A Giant, Working Hoberman Sphere Made From Aluminum

Chuck Hoberman, the inventor of the ubiquitous Hoberman sphere, unveils a new sculpture.

You were probably only a few years old when you first came in contact with the ideas of Chuck Hoberman, the inventor of the eponymous sphere structure (often confused with the Bucky Ball) that easily expands to five times its original size, thanks to a brilliant system of double-armed joints.


Hoberman spheres are wildly popular as kids’ toys, but they can also be found in dozens of unlikely places. Hoberman Associates, his SoHo-based design office in New York City, applies his engineering skills to projects ranging from architecture to art. Right now, one of the 56-year-old inventor’s spheres is on view at the Museum of Modern Art, in New York, as part of the Century of the Child exhibit; meanwhile, his team is building rapidly deployable shelters and collaborating with KPF on permanent buildings based on his ideas about transformable design.

This week, Hoberman unveiled Nouaison, one of his largest spheres to date. The kinetic sculpture was commissioned by a Bordeaux winery, Château Smith Haut Lafitte, that dates back to the 14th century. The Chateau’s husband-wife owners have a penchant for installation art, and Nouaison is the seventh original piece they’ve installed on their estate.

“The sculpture takes its name from a French term describing the stage of growth when grapevines first develop their fruit,” explains Hoberman’s studio in a press release, “a critical moment in wine production.” Situated in front on the patio in front of the main house, Nouaison expands and contracts in a slow, smooth motion, as if some invisible hand was plucking it.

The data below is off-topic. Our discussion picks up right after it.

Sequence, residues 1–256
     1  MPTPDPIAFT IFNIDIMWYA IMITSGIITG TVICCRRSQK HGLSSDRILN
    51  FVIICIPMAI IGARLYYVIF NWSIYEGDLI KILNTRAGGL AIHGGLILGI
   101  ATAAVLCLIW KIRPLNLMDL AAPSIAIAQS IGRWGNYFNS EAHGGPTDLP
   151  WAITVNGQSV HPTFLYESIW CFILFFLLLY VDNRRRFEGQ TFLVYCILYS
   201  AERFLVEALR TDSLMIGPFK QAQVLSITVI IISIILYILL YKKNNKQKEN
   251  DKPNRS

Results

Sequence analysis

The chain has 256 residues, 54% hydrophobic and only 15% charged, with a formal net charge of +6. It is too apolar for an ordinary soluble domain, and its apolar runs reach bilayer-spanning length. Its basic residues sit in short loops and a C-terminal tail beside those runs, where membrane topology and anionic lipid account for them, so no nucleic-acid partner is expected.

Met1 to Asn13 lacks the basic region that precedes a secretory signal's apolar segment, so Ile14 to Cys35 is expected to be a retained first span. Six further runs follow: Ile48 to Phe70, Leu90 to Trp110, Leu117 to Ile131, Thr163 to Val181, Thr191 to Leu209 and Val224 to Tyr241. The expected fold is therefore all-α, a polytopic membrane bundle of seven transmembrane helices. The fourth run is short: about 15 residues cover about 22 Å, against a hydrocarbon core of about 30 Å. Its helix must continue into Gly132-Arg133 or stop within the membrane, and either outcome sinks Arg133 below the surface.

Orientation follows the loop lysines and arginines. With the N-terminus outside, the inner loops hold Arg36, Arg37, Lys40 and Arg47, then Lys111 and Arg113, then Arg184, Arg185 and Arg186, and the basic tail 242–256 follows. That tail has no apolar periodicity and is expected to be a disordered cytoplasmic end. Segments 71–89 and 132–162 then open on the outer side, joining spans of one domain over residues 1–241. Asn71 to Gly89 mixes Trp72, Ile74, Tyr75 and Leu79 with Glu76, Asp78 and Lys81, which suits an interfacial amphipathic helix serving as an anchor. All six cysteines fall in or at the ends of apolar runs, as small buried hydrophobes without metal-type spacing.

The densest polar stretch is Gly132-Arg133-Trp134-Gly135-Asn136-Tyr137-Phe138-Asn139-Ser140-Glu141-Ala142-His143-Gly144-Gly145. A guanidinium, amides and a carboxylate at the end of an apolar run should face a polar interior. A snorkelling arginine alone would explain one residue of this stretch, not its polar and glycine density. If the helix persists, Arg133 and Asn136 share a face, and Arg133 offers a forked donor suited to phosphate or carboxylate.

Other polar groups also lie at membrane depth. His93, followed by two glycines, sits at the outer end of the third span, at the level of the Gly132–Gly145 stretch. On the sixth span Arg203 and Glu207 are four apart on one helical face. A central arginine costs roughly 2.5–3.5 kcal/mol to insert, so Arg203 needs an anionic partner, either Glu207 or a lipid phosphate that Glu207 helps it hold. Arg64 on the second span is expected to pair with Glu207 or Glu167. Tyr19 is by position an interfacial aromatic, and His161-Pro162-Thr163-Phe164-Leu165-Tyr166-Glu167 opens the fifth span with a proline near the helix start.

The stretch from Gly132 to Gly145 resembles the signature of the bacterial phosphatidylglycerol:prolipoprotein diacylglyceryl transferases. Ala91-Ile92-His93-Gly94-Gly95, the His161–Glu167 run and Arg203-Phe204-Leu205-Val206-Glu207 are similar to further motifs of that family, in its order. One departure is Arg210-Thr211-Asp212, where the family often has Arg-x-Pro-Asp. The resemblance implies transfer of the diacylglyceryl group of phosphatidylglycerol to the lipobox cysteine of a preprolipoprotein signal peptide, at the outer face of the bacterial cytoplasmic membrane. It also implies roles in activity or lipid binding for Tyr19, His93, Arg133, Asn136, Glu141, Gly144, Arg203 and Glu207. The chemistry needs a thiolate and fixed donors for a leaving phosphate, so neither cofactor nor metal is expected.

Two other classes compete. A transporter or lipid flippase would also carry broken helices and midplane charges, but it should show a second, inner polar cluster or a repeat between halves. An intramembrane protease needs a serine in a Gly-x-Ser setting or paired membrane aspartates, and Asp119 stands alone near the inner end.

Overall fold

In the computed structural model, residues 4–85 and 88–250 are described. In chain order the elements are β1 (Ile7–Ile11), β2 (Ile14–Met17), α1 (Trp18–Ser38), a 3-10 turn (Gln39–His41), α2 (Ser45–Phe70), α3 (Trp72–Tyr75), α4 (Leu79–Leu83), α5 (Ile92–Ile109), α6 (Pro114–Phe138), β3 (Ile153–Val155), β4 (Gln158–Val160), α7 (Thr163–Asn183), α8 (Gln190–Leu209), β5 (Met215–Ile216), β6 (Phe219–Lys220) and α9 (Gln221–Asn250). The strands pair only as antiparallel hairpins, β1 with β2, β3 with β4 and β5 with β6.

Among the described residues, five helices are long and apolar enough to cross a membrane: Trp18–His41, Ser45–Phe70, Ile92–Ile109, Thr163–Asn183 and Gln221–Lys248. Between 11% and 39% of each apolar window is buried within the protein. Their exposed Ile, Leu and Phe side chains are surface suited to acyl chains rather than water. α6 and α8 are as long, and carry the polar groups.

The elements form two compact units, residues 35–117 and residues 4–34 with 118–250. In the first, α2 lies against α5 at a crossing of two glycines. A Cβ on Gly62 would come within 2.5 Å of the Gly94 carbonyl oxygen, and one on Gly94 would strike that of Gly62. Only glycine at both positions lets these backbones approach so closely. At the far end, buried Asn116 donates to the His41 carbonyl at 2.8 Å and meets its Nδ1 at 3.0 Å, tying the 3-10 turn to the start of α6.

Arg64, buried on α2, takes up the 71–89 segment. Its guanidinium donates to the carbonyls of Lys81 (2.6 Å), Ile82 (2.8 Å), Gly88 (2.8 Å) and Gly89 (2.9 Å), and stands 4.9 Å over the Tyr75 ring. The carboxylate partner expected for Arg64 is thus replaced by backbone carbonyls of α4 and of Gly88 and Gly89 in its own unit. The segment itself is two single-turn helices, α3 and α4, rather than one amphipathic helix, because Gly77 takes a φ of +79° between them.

The structure is made from high-grade aircraft aluminum, forming 54 hubs that move to reposition 224 arms. The reflective, CNC-etched armatures reflect the environment around the sculpture, echoing the cycle of the seasons. “The hands-on, artisan machining process, honest materiality, and intricate detailing reflects the craftsmanship of the vineyard’s cooperage (barrel making),” the designers add. “The parallel machined rows abstractly reference both the orderly grape rows and a bird’s-eye view onto the patchwork of the Chateau’s vine plots.”

It’s hard to think of another designer who’s bridged engineering and art so seamlessly. “We believe that a world undergoing accelerating change needs an adaptive, interactive approach to design,” the design team explains, by way of a mission statement. The office’s architecture, art, toys, and medical technology all spring from a single 1990 patent for an expandable truss system. If you’re interested, check out the original, very beautiful drawings here.

About the author

Kelsey Campbell-Dollaghan is Co.Design's deputy editor.